Is the Increase of Minimum Wage Meaningless for Small Business?

The dialogue on this issue for small business is meaningless and has no real effect on small business.
Getting Small Businesses Unstuck, Shafran Moltz Group
February 19, 2013 In his State of the Union address last week, President Obama proposed raising the federal minimum wage from $7.25 per hour to $9.00 an hour by 2015. It has gone up 14 times since 1970. Reaction was mixed from small business owners as they recover from the Great Recession.

The Chicago Tribune reports that some see it as a way to give employees more flexibility to spend, which can grow their businesses. Other small-business owners say it will force them to hire less people and hamper the growth of their company as the economy is struggling to recover.

The dialogue on this issue for small business is meaningless and has no real effect on small business because:
  1. The current minimum wage is actually a third of the average hourly rate American workers earn of almost $20. Except for retail service-based companies, most people that work for small businesses make a lot more than minimum wage.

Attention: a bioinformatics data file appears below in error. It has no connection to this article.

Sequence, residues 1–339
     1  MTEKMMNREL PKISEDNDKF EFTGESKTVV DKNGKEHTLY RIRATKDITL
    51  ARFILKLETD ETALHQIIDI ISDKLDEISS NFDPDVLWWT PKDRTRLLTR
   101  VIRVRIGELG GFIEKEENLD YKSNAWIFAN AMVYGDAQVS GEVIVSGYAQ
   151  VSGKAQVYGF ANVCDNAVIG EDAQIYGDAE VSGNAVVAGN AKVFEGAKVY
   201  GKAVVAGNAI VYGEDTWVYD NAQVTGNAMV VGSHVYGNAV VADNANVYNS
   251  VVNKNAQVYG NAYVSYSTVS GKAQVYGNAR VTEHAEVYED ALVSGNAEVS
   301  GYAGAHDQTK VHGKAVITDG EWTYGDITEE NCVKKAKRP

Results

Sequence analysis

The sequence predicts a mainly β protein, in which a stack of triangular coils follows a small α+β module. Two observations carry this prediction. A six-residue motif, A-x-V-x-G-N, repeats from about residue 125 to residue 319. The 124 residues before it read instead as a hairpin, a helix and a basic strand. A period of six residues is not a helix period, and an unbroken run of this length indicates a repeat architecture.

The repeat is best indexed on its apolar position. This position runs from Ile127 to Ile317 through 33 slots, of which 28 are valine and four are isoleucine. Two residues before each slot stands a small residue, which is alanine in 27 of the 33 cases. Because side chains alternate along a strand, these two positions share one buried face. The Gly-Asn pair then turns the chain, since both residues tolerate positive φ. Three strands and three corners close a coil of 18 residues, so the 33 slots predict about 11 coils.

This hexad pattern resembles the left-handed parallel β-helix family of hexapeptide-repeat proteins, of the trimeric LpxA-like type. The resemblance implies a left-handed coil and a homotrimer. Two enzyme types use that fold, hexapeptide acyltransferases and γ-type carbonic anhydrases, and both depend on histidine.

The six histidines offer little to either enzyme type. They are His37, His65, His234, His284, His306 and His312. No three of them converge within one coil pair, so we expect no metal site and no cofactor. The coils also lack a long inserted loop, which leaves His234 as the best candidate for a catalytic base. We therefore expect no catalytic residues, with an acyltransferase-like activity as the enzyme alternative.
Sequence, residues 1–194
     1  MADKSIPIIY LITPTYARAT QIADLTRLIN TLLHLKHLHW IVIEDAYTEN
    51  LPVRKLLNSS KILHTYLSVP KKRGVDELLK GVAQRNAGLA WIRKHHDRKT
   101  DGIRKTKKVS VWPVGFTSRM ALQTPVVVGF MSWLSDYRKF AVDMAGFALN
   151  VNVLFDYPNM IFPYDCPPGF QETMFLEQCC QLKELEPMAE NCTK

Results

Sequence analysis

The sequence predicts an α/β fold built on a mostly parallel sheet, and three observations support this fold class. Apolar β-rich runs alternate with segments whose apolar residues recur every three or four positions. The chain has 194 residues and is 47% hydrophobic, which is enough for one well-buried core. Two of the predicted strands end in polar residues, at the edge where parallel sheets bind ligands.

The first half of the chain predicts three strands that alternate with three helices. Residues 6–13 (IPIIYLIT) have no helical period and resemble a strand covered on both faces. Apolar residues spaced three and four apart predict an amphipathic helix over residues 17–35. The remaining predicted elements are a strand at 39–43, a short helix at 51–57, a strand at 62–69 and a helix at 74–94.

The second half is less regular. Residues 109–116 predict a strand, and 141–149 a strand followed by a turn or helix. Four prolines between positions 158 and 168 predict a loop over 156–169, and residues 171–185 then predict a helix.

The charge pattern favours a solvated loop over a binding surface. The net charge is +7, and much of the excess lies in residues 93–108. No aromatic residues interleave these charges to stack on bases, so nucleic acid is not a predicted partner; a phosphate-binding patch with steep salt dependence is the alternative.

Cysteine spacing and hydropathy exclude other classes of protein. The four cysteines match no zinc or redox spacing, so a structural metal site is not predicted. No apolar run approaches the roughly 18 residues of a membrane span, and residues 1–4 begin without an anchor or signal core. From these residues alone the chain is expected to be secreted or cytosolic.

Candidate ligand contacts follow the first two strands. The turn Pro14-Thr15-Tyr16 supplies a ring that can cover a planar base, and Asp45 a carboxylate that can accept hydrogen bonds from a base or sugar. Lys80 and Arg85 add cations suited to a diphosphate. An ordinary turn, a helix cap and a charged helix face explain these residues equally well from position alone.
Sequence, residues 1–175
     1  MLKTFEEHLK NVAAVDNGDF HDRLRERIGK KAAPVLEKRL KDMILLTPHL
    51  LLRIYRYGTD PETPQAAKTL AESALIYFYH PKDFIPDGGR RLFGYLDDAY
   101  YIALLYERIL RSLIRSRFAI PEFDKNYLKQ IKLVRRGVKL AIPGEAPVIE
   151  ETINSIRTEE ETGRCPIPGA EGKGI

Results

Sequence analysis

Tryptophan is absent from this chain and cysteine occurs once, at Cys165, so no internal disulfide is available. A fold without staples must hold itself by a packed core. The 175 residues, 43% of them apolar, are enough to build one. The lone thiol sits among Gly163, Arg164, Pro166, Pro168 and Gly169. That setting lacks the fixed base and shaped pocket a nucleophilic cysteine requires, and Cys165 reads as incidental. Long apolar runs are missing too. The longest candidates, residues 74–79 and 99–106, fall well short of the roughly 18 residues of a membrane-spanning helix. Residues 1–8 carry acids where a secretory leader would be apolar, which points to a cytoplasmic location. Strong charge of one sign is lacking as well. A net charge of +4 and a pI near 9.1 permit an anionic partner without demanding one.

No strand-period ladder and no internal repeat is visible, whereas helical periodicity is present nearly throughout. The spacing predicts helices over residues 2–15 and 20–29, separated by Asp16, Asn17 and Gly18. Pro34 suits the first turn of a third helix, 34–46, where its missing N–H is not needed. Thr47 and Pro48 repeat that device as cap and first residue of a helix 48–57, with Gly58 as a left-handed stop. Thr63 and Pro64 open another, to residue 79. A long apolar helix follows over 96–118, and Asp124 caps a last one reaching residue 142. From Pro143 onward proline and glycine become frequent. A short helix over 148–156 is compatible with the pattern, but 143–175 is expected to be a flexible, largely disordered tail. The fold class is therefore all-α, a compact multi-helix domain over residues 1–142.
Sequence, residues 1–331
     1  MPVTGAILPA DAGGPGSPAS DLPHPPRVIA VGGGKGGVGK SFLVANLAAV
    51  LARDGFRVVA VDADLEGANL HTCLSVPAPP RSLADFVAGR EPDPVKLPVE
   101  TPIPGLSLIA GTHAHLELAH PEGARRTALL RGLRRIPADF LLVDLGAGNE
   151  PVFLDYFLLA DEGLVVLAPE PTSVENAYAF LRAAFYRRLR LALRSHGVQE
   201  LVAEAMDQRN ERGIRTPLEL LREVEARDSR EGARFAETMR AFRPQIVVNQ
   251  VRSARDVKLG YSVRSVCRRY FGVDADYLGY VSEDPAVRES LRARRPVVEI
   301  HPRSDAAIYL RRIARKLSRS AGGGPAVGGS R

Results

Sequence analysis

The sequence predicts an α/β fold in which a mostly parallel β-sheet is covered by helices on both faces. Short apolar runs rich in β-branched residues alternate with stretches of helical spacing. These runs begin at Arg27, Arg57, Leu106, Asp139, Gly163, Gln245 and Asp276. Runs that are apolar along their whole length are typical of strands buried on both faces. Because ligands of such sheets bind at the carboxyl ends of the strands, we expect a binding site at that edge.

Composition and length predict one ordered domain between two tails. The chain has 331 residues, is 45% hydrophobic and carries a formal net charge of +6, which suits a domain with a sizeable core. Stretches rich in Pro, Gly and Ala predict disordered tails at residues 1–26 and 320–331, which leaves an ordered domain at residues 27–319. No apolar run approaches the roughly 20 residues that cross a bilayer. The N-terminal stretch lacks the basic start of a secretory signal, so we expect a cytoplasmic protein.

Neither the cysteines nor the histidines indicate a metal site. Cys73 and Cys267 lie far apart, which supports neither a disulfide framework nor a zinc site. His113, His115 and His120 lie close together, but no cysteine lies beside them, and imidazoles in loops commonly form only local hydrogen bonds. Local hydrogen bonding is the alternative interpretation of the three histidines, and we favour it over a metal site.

2. The use of freelance resources are highly utilized by small businesses so they do not need to hire employees. The rate of a freelancer is not regulated.
  3. The rate that is paid to an employee is only one factor in the total cost of that person. For example, the cost of health care will kick in for larger small businesses in 2014.
  4. With crowdsourcing platforms like Guru.com and Elance.com, the free market economy decides the value the small business owner will pay for a resource. There are no longer geographic barriers.
  5.  Forty percent of the states (including the District of Columbia) already have a minimum wage above $7.25. Ten states just boosted their rates last month. 
How do you think raising the minimum wage will affect your business?

[Chicago Tribune]

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Getting Small Businesses Unstuck, Shafran Moltz Group